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Back in yore, rotten teeth killed people. Enamel cracked or was eaten away by food debris and lack of sufficient (or any) dental hygiene. Germs seeped into the root canal because dogs aren’t the only of God’s creatures with festering saliva, and infection blossomed.
Left alone long enough, pus oozes along the pathways hither and yon and before a person could scream for the local witch woman or butcher, sepsis and death.
Archeologists are forever digging up our bony ancestors who succumbed to the dreaded toothache. Many a mummy met his end for lack of root canal.
Last week, I could have been on track to become a freak statistic because people in the “modern” world do still die of the occasional tooth abscess gone horribly wrong.
Fortunately, I have Rob.
After messing about for close to two weeks with an infection that defied doctors, my own and in the ER, I noticed that my lower jaw hurt and suspected that a cavity filled at the end of July could have gone bad.
A call to the emergency number at the dentist’s practice on Sunday evening was less than helpful. Perhaps I am mistaken about the whole “dental emergency” thing, but I was expecting something other than “go to the ER and call us on Tuesday morning to schedule an appointment.”
Tuesday morning I was told that I could be squeezed in on Thursday afternoon for a 30 minute consult.
This was after I disclosed my saga and symptoms, which alarmed the receptionist enough to go to the cubicles herself and let the dentist know what was going on and ask for guidance.
His great wisdom? Sounds like a root canal was needed. Can’t do anything until the infection settles a bit. Stay on the antibiotics and come in next week. Tuesday. In the afternoon.
“Call my dentist,” Rob said. “I know it’s going to be awkward because you switched to someone new but she will probably see you today.”
I did switch to someone new. I wanted a better hygienist. The gentleman I was assigned to has huge fingers and is a very nervous fellow. My first experience with him was … painful … and though he improved, I dreaded going in.
And Dee did nothing but whine and wince.
So a friend suggested another practice and the hygienist was awesome and the Dentist does good check-up.
He sucks at cavities though. I had two done at the end of July. Horrific and then I ended up with the whole abscess thing …
“I’m not up for awkward at the moment, ” I told Rob.
But visions of dead mummies plagued me more than saving face did, so I called and I was worked in immediately – no questions.
She was concerned about the infection, the pain, the possibility that the infection was gaining strength. Changed my antibiotic. Actually found a pain med I could take without miserable side-effects and gave up some of her lunch hour to work me in the next day for a root canal.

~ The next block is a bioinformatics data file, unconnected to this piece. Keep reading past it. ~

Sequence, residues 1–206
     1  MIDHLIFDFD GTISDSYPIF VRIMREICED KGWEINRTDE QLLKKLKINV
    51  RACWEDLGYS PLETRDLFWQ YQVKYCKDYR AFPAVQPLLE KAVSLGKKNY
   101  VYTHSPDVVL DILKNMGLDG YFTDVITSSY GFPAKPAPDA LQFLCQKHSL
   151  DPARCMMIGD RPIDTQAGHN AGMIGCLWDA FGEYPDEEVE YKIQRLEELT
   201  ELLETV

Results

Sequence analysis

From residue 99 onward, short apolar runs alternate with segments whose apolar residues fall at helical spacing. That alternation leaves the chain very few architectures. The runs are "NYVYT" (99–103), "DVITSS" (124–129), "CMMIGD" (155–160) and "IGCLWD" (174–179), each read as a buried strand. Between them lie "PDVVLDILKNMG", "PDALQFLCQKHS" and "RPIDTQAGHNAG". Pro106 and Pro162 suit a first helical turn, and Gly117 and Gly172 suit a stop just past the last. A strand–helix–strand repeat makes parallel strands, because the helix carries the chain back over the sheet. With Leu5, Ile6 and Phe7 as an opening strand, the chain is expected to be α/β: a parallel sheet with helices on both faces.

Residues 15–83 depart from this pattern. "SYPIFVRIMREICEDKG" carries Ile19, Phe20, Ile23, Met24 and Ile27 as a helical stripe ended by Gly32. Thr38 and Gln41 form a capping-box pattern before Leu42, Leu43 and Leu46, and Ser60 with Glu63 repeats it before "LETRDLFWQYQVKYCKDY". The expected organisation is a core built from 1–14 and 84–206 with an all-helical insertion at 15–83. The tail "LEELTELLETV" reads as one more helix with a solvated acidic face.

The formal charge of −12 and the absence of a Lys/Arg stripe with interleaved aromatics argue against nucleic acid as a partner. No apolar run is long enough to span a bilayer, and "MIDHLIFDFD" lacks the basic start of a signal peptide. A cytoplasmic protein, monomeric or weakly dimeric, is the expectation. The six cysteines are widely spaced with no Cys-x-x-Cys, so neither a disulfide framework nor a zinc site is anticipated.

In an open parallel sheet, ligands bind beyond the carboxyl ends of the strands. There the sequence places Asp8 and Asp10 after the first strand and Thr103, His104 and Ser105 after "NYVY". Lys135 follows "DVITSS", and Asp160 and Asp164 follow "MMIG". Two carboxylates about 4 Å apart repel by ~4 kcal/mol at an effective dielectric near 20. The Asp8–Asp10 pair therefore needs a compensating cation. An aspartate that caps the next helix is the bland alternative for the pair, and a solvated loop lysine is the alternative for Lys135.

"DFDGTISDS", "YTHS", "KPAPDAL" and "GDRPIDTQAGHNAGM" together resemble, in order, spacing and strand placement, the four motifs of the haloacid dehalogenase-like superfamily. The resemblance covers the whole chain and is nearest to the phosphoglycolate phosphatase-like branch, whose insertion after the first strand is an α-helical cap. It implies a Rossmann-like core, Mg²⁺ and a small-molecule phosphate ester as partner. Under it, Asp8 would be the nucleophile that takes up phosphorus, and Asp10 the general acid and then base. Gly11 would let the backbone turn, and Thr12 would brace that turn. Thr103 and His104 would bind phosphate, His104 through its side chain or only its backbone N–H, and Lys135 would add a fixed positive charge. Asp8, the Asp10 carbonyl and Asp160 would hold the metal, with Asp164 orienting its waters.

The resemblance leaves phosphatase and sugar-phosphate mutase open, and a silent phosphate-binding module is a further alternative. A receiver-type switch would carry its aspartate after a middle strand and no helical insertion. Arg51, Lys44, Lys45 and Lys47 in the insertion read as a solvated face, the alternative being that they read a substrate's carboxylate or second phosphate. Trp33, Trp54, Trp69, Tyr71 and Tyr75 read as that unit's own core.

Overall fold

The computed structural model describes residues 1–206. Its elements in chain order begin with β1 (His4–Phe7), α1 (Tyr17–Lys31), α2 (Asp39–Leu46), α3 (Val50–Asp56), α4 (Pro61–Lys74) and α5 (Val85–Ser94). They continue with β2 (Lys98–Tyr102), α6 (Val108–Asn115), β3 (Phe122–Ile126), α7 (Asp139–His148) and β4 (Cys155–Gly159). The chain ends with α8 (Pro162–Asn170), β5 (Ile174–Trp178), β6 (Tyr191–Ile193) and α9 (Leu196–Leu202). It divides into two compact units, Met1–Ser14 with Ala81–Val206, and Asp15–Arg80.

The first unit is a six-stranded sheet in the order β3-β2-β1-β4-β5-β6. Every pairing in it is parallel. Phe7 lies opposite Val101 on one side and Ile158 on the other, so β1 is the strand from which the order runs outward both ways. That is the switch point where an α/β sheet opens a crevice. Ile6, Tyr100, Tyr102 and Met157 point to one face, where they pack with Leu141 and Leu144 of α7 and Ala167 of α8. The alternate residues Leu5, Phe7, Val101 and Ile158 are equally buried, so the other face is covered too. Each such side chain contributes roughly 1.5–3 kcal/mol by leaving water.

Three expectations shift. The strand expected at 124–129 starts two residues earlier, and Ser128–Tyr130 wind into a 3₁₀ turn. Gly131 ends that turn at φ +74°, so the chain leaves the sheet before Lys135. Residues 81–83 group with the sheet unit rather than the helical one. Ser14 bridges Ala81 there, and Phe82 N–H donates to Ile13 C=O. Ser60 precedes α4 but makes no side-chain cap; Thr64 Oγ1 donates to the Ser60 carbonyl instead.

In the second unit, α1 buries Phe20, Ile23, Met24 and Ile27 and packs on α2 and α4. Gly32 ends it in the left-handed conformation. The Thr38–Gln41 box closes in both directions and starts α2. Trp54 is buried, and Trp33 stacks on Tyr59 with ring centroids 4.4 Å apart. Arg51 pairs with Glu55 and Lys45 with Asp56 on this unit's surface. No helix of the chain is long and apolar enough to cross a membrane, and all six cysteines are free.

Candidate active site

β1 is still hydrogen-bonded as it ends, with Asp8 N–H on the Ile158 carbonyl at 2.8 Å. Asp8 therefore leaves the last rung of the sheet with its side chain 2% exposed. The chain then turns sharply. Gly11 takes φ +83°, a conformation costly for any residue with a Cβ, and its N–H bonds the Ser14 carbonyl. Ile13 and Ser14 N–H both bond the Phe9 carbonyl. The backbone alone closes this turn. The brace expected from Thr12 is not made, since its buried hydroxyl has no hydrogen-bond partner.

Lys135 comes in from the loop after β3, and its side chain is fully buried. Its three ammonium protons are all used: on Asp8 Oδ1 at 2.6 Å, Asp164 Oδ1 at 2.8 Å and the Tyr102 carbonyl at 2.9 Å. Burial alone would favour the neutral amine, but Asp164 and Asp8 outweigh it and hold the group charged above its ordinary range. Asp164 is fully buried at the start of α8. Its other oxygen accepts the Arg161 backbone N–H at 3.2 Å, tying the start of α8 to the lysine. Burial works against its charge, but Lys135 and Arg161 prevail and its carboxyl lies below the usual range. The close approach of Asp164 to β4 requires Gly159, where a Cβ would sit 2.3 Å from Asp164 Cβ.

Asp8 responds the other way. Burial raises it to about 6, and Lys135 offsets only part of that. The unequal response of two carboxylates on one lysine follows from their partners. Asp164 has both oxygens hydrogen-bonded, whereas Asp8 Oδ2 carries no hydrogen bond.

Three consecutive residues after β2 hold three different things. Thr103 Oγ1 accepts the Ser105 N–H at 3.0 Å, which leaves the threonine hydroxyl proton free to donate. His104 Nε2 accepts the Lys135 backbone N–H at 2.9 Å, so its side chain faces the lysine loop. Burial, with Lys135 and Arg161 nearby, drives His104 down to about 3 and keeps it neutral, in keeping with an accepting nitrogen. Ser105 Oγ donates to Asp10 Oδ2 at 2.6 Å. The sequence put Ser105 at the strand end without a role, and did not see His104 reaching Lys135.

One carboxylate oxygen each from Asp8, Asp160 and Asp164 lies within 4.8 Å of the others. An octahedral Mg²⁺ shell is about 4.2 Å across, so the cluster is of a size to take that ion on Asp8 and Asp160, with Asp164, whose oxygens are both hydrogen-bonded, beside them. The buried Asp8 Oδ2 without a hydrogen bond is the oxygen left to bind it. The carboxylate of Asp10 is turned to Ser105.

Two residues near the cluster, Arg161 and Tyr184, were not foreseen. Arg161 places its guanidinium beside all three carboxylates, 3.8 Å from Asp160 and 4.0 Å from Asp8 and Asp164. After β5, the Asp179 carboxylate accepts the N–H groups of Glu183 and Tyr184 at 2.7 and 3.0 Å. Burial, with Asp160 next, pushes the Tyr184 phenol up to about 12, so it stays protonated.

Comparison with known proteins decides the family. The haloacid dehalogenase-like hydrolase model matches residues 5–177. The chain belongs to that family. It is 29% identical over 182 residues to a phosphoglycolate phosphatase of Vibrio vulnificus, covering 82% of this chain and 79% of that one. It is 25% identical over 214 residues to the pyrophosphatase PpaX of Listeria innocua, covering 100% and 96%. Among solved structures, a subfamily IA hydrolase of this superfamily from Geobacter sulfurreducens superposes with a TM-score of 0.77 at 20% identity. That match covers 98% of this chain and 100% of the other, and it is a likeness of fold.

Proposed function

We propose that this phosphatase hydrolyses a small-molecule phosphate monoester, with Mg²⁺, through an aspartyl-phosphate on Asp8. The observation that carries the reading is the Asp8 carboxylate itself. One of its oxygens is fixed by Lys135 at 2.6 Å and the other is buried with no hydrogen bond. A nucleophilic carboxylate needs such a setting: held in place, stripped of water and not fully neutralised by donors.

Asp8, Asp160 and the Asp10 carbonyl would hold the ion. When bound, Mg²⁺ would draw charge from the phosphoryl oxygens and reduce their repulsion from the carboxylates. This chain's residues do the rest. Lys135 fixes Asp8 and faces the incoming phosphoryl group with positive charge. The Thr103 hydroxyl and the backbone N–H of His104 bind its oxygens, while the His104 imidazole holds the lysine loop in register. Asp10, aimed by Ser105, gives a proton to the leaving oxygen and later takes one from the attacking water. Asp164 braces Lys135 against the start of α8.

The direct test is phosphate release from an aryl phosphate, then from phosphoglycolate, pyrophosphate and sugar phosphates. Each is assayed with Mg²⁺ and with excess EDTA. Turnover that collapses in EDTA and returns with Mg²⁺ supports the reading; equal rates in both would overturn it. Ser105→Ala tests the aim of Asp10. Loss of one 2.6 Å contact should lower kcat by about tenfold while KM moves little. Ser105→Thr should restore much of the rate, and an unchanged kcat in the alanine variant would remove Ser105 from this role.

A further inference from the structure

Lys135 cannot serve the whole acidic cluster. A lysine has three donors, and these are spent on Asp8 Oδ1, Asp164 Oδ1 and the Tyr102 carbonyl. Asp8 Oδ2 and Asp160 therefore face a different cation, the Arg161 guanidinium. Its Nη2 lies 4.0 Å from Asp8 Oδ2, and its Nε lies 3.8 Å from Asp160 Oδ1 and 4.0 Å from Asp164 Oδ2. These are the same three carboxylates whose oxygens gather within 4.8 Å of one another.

The other guy had said that root canals can’t be performed until the antibiotics start to work.
Not true. Don’t ever buy that.
I spent about two hours on Wednesday in root canal mode. The worst thing about it is keeping your mouth open for so long that the jaw cramps. But the pain wasn’t bad. I’ve had two root canals now and never time did I suffer.
My opinion about suffering? Either the dentist isn’t skilled or you’ve had the misfortune of having a massive infection that simply couldn’t be effectively anesthetized. It happens.
Most of the time, the tooth drained. It was quite … ookie … that’s a professional medical term by the way.
The infection is still being subdued. I don’t feel great, but I am not hurting down my neck, across my chest and the pains in my ribs are mostly gone.
It was just the icing on several weeks worth of medical reckonings. My thyroid appears to be failing and I had two more eye swelling experiences, so the new doctor is sending me all over the greater Edmonton area to be tested for this and that.
“You can’t die until I am grown up,” Dee informed me last week as I tucked her in for the night.
“You can’t die at all,” Rob said later, “because that little girl simply couldn’t survive it.”
He didn’t have to add that it would suck a lot for him too.
I’m not dying, but I have been neglectful of some things that I would have jumped all over if I were back in the States and seeing my much missed Dr. C. I am simply going to have to bring the Canadian way of medicine into harmony with my own personal needs. How, I haven’t quite figured out, but I was told once that I am a force of nature, so Hurricane Annie will have to put her thinking cap on.